Polk: The Man Who Transformed the Presidency and America
by Walter R. Borneman
Unabridged, 13 hr. 13 min.
Alan Nebelthau (Narrator)
April 8, 2008
Genre: Non-Fiction, Biography
Source: Borrowed audiobook from my library
“In Polk, Walter R. Borneman gives us the first complete and authoritative biography of a president often overshadowed in image but seldom outdone in accomplishment. James K. Polk occupied the White House for only four years, from 1845 to 1849, but he plotted and attained a formidable agenda: He fought for and won tariff reductions, reestablished an independent Treasury, and, most notably, brought Texas into the Union, bluffed Great Britain out of the lion’s share of Oregon, and wrested California and much of the Southwest from Mexico. On reflection, these successes seem even more impressive, given the contentious political environment of the time.
In this unprecedented, long-overdue warts-and-all look at Polk’s life and career, we have a portrait of an expansionist president and decisive statesman who redefined the country he led, and we are reminded anew of the true meaning of presidential accomplishment and resolve.”
I must confess that Polk was not someone that I remember learning about in school, but he came to my attention rather recently when doing some research on various First Ladies, and in particular, Sarah Polk. There is also a song my fiancé likes to sing about Polk which keeps him in my mind too, but more on that later this week. So as I endeavored to read about all the presidents, and I was organizing who I wanted to read about, I put Polk toward the top of my list.
I can’t even begin to explain how much this book taught me – not only about Polk himself and his method of politics, but the mindset of the time and his contemporaries. At times this felt beneficial and other times completely overwhelming. The author spends ample time on the political atmosphere surrounding all the presidents from John Quincy Adams up through Polk, giving the reader a solid understanding of just what Polk was walking into as President. The author also had a good source of insight into the President as Polk kept a diary of the days in office. Central to understanding many of Polk’s decisions is understanding the politics of Andrew Jackson, Polk’s political mentor. I do somewhat think that the author needed to bulk up the narrative a little bit seeing as Polk dies within 6 months of leaving office; there was less physical time that needed to be told about his life.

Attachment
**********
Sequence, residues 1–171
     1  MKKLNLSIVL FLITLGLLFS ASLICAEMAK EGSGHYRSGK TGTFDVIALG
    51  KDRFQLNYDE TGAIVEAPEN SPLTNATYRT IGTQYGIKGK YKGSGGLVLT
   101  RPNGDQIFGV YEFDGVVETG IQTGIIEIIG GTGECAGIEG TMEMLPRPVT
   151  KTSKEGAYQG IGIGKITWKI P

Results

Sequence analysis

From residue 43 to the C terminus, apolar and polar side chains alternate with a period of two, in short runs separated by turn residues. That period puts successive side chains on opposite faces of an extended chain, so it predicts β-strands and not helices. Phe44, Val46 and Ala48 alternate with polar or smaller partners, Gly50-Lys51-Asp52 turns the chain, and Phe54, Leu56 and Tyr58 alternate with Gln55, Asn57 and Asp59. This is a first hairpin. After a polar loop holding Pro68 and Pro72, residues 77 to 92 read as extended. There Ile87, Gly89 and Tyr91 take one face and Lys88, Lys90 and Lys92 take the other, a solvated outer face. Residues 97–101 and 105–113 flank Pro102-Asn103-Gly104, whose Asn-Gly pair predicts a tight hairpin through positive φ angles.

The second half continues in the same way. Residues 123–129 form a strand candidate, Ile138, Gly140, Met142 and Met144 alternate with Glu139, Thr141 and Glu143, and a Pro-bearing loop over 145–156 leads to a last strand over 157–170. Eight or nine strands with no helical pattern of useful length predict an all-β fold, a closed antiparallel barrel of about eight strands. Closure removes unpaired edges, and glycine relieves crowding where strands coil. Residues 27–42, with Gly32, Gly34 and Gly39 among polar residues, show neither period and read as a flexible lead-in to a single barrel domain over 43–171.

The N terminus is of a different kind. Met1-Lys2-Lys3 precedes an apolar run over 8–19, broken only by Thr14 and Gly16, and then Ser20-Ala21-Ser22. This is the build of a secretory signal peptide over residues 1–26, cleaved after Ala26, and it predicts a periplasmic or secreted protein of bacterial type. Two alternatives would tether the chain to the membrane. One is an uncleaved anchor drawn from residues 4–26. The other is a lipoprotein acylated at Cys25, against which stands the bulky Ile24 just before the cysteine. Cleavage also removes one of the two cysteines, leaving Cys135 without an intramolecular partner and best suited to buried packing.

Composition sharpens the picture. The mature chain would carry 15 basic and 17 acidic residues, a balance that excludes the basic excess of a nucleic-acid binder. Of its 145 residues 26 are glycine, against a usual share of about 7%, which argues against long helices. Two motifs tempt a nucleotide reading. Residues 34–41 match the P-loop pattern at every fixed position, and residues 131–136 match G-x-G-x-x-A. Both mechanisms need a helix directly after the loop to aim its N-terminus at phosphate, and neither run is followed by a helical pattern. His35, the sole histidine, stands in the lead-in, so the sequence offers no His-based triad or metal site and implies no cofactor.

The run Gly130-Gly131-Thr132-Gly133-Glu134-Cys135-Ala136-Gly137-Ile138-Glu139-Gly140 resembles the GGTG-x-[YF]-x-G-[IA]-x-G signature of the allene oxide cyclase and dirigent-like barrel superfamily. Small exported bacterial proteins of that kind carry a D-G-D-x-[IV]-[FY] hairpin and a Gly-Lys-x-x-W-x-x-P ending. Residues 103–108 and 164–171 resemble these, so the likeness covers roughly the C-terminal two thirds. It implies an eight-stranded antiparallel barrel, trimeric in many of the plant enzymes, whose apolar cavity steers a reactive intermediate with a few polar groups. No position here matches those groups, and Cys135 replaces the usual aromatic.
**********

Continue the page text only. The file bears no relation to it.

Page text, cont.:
Whether I agree with Polk’s political philosophy or not (which isn’t the issue here), I admit that I admire the man for the fact that he campaigned on a platform, succeeded on making those 4 platform issues happen during his presidential term, and then decided not to run again because he did everything he felt his duty called him for. That is something the majority of the other presidents cannot say.
With regard to time spent on the First Lady, I have to give some kudos to the author. From what I know there is only one, very short, biography on Sarah Polk, so he didn’t have much to work with here – but he covered what I consider to be all of the important points and paints her as important to the President.
I thought that the narrator did a commendable job with this book. The most important thing in my opinion about narrating a non-fiction is to not let it feel boring with all of the facts. Nebelthau keep it interesting and has a great speaking voice.
Author Walter Borneman also has written several other books including: The Admirals: Nimitz, Halsey, Leahy, and King—the Five-Star Admirals Who Won the War at Sea, 1812: The War That Forged a Nation, The French and Indian War: Deciding the Fate of North America, Alaska: Saga of a Bold Land, and Rival Rails: The Race to Build America's Greatest Transcontinental Railroad. You can visit the author’s website for additional information about the book.
You can also watch a discussion with the author about this book – it was a feature on Book TV in 2008 (it wasn’t embeddable so you will have to go to the Book TV link).
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